(After shooting 65-64 CJ Swift is one shot off the lead)
July 31, 2018: Things got a little tougher at the Connecticut Open Tuesday, but there were a few guys who didn’t notice.
Southbury’s John VanDerLaan shot the low round of his life, competitive or otherwise— 62—with a birdie-birdie-eagle stretch to post 128 (-12). His round tied the Connecticut Open single-round record and almost guaranteed him the tournament record of 200.
Which got him just one shot clear of CJ Swift, who followed yesterday’s 65 with a “better ball striking day” of 64 (-6) that included seven birdies on New Haven Country Club’s normally confounding greens.
Adam Rainaud, the 2016 Champion, made five birdies and an eagle, shot 66 to follow a 65, and, at -9, and stands at third.
And then there were the other guys, because the leader’s scores were the exception on a day when half as many competitors broke par as on Monday, and Day One’s soft, accessible, greens began to take on the mischievous personality Willie Park Jr. intended for them.
“The greens were faster and that made the hole locations tougher,” said Rainaud. “And there was more wind. I think you’ll see scores today a stroke or two higher.” When the wind freshened in the afternoon it further complicated things for the other contenders. With exception of Swift and Waterbury’s Blake Morris, who was two-under, most of the leaders stalled.
Kyle Gallo, who led the field with 66 Monday, shot 72 (+2) and slipped to -4. Jason Thresher of West Suffield, four under yesterday, shot even-par 70. So did Max Theodorakis, another Monday 66.
Twenty-five players were under par on Monday. Only 13 on Tuesday. The cut of 40 and ties, which looked like it might be plus one or perhaps even par yesterday, rose to plus 3. More than half of those making the cut shot over par today.
But for VanDerLaan, the 22-year-old DII National Champion from Florida Southern, coming off an impressive T- 31 (-14) finish at the PGA Tour’s Barbasol Championship, it was only a day of opportunity.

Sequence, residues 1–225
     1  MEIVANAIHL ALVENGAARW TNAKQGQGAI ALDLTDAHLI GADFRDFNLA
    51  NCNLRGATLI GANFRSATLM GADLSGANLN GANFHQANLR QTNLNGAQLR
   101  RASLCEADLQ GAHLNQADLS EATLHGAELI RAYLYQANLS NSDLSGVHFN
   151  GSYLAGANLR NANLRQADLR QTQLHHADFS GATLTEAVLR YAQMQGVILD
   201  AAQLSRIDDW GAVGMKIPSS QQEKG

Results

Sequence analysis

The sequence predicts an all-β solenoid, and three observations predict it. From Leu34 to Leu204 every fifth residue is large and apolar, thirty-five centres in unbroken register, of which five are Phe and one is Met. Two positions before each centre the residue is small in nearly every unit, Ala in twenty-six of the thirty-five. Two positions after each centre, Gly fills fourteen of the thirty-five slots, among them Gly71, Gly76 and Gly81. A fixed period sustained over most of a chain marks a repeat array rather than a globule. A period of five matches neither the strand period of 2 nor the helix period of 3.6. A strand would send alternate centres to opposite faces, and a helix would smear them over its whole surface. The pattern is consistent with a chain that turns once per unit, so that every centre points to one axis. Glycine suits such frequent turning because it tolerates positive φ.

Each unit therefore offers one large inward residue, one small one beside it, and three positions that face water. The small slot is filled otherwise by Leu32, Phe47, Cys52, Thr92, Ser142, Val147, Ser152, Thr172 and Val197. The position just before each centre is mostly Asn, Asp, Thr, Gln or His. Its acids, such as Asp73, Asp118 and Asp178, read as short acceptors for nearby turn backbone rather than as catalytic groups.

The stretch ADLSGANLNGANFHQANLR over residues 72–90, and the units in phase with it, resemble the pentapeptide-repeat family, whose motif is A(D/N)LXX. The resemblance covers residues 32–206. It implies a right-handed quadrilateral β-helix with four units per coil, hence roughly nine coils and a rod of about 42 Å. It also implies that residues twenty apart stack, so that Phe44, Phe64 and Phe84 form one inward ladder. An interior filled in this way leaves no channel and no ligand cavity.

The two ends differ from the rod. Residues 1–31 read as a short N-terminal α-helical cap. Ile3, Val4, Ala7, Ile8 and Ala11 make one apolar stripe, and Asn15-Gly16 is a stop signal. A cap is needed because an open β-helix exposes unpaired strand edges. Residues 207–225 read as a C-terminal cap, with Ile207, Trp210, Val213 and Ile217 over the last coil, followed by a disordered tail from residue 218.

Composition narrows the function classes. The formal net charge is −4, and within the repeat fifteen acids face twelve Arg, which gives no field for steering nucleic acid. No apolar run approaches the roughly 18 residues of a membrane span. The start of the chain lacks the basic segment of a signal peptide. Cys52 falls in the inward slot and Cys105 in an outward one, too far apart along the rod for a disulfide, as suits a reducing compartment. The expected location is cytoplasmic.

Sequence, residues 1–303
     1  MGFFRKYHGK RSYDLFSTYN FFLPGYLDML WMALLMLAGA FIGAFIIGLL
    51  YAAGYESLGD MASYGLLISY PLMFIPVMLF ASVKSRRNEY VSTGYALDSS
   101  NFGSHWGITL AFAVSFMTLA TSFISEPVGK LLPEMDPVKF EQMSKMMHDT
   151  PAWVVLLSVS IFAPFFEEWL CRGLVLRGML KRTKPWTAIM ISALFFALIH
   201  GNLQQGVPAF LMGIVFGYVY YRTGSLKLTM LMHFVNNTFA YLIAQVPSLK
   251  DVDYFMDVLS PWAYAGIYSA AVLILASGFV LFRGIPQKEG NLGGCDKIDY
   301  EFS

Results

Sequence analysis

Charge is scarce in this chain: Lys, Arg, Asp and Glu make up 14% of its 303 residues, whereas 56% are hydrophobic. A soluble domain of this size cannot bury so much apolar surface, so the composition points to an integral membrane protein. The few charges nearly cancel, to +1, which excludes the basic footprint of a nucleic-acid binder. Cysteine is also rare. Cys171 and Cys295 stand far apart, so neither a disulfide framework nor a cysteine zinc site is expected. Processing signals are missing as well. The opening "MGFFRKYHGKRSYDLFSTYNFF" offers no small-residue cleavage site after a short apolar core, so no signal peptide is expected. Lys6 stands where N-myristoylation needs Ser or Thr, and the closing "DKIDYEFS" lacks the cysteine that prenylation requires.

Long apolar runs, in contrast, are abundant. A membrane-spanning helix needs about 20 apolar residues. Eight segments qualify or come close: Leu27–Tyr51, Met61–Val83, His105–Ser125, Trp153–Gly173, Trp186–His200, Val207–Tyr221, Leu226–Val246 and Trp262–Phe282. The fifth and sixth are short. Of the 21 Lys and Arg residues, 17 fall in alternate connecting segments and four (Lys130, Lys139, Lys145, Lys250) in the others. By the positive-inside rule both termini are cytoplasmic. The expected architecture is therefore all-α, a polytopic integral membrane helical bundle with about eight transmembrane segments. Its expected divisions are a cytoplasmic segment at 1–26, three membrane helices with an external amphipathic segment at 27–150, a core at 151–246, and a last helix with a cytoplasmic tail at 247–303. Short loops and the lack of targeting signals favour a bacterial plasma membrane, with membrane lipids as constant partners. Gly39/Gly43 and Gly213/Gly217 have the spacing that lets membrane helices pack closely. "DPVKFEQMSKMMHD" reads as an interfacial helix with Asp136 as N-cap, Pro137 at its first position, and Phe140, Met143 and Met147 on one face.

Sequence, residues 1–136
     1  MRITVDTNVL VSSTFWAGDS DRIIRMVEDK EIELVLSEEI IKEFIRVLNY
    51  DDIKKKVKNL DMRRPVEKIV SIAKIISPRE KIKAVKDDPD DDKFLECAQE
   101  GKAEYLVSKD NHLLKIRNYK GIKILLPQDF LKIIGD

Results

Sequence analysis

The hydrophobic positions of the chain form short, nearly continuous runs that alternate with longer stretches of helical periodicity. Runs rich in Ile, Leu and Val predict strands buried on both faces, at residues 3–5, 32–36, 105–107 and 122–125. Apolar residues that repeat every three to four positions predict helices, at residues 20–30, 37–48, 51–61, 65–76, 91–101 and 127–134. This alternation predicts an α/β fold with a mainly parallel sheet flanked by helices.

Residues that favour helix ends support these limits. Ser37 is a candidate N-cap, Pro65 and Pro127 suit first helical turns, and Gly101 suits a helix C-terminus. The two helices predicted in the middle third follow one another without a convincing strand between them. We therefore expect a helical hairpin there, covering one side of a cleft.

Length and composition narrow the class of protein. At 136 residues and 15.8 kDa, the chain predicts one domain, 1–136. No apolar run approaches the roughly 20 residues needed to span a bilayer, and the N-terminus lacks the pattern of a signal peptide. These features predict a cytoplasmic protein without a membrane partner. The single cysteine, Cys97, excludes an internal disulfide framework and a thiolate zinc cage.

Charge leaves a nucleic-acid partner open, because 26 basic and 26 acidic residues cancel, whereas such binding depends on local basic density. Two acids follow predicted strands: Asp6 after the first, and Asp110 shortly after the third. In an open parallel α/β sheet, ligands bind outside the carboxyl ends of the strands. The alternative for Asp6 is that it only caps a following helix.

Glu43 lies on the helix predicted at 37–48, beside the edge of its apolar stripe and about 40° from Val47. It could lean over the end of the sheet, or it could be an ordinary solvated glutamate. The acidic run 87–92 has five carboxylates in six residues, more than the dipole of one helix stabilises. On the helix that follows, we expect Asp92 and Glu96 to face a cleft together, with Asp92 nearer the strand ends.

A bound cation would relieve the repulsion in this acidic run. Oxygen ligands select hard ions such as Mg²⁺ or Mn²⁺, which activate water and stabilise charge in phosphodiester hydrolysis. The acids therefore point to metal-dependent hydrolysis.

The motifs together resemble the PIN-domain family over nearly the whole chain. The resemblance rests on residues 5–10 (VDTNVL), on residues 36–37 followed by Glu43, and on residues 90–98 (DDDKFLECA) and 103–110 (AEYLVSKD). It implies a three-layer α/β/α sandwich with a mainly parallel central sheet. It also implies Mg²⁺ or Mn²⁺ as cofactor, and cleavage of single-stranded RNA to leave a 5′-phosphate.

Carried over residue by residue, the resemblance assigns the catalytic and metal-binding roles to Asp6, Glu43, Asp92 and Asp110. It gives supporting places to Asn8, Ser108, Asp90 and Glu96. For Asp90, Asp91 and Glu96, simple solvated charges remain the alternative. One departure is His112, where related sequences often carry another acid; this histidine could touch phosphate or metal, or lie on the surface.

“Yesterday, to be honest, I played solid but I felt like a left a few out there. I felt like I could have had a 64 or 63. Today I kind of just got everything out of my round.”
His Tour experience, he acknowledged, helped this week. “It definitely gave me a lot of confidence, because I played good, and I didn’t play as good as I could have, and still made the cut and played with those guys on the weekend and that gave me a lot of confidence for going forward in my whole career—that I could play at that level.”
VanDerLaan enjoyed the fact that his lowest round ever came at New Haven, because 20 years ago his father had won shop credit at a member-guest here and bought him his first set of clubs. It was even sweeter because his younger bother Michael also made the cut at minus one.
Swift, who also has Tour ambitions, seemed oblivious to Tuesday’s difficulties. “I hit the ball a lot better than I did yesterday,” said Swift, who reached all but one green in regulation. “My ball striking was a lot better. I’ve been putting well. I’ve been giving myself opportunities to make five or six birdies a round.” Swift has also had no three-putts over the two days and credited strong lag putting for his scores. He two putted from 40-feet on his final hole, the par-3 9th. “It broke about 12 feet and I made 10 footer coming back.”
On a day when things got rough for much of the field the New Haven Country Club “home team” had reason to celebrate. 2018 Connecticut Amateur Champion Ben Conroy shot 68—he’s at minus-one. Evan Beirne is at plus-one, and 2015 Palmer Cup Champion Ben Day is at plus-3, all surviving to Wednesday.
Four-time Open champion Frank Bensel will play Wednesday. He’s at minus-one. And Defending Champion Jeff Evanier survived at even par.
Play will be in threesomes off of both tees on Wednesday. The leaders, VanDerLaan, Swift and Rainaud, go off No. 1 at 8:40. Mike Ballo (-6), first-round leader Kyle Gallo (-4) and Jason Thresher (-4) precede them at 8:30.